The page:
1999-2003 B.S. in Materials Physics, Fudan University
2005-2009 Ph.D. in Materials Science, the University of Vermont, USA
2010-2012 Postdoc at MIT, USA
2012-2016 Assistant professor, Department of Mechanical Engineering, the University of Manitoba, Canada
2016-present Associate Professor, Department of Mechanical Engineering, the University of Manitoba, Canada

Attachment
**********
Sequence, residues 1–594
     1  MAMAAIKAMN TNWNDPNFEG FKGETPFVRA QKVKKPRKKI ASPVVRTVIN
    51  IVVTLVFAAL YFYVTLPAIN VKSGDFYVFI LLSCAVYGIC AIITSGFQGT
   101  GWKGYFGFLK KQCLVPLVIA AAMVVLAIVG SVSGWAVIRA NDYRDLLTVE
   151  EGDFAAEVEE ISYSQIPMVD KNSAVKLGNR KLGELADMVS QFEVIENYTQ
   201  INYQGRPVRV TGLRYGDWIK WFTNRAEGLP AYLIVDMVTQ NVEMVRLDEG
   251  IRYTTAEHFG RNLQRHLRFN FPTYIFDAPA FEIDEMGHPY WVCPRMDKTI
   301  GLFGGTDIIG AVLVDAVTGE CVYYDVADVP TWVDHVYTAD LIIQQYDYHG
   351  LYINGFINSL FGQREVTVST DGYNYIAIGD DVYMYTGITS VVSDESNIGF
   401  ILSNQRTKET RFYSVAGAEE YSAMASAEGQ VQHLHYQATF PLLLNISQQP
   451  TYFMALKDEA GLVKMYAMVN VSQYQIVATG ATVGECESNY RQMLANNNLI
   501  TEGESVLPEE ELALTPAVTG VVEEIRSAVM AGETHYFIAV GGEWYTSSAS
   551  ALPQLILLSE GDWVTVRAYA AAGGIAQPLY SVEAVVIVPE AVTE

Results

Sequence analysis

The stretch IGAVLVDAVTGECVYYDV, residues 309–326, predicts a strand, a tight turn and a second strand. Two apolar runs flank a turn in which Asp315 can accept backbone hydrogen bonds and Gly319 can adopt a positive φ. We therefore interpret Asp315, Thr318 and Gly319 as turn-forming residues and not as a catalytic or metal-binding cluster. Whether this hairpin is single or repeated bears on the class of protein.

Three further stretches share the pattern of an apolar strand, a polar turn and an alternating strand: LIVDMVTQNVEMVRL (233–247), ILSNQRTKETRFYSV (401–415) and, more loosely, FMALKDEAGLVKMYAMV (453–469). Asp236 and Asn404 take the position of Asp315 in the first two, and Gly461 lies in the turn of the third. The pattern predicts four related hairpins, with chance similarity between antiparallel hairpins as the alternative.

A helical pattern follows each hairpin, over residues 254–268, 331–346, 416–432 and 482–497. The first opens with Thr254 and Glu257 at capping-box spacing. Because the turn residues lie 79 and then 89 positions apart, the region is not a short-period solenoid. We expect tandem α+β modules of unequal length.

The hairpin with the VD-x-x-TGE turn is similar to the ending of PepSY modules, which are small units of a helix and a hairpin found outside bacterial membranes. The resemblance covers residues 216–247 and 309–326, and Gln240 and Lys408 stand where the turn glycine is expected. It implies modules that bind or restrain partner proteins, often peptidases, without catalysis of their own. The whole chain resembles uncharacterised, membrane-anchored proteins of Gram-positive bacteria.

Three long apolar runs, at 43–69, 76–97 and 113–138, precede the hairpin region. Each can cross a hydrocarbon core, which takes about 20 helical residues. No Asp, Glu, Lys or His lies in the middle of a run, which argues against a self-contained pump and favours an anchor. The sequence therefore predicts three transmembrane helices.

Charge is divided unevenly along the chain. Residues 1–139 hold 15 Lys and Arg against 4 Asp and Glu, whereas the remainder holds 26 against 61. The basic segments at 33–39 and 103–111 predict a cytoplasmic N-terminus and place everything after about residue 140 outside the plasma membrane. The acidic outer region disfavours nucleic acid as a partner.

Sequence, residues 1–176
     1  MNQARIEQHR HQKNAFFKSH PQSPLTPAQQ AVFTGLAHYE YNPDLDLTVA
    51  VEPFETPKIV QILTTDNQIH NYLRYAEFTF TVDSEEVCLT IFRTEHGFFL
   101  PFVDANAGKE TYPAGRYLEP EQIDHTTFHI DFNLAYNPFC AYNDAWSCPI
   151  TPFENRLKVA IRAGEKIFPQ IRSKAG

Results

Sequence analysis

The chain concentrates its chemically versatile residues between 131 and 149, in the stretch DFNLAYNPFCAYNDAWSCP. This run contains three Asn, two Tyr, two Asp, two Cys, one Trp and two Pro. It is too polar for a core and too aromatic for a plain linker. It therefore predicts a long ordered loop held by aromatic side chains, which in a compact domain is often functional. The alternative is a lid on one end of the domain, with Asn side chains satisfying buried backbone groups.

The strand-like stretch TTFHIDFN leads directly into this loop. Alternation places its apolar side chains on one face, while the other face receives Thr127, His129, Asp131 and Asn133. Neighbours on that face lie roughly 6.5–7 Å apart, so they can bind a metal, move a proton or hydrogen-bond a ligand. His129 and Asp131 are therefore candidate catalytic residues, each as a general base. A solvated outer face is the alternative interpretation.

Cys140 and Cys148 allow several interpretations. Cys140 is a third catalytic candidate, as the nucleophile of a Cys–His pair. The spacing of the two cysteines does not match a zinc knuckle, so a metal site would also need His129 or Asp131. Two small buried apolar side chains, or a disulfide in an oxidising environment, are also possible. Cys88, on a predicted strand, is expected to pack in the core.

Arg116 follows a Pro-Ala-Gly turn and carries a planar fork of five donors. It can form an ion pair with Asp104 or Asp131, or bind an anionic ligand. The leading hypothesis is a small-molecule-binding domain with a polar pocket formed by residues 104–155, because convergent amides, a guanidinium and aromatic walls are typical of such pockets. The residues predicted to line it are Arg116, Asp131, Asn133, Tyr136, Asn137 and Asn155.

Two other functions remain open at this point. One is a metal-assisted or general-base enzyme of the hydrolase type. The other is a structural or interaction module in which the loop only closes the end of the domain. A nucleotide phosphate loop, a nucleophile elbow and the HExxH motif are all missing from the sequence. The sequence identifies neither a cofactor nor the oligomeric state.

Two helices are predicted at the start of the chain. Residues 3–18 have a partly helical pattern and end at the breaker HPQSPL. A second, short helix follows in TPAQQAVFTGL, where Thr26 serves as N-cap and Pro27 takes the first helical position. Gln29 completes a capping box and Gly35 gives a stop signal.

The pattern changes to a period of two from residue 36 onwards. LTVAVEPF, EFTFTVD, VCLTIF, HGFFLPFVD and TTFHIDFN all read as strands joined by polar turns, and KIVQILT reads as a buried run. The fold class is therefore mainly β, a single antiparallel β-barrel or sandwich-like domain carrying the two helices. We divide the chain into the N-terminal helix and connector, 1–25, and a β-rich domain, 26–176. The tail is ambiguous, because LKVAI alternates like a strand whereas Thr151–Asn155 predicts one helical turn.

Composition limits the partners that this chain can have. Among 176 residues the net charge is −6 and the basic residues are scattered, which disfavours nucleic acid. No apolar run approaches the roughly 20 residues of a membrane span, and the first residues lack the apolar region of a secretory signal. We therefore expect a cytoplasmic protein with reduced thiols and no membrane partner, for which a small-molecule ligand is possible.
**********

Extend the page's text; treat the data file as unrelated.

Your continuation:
The physical properties of materials highly depend on their grain size and many novel properties emerge when the grain size reduces to the nanometer scale. However, nanocrystalline materials are generally unstable and suffer from rapid grain growth via the motion of grain boundaries when exposed to high temperature or mechanical deformation, which poses great challenge to maintain their superior properties over their coarse-grained counterparts during thermal processing or service. In this work, molecular dynamics simulations were used to investigate grain boundary motion driven by both thermal and mechanical effects. In particular, the impurity effects on thermally grain boundary motion was quantified, which was the first attempt through molecular dynamics simulations. On the other hand, shear coupled grain boundary motion with the presence of constraints such as void and crack was investigated. An interesting crack-healing was found during the crack-grain boundary interaction and a mechanism based on grain boundary structural transformation was proposed to explain the observed unusual crack healing.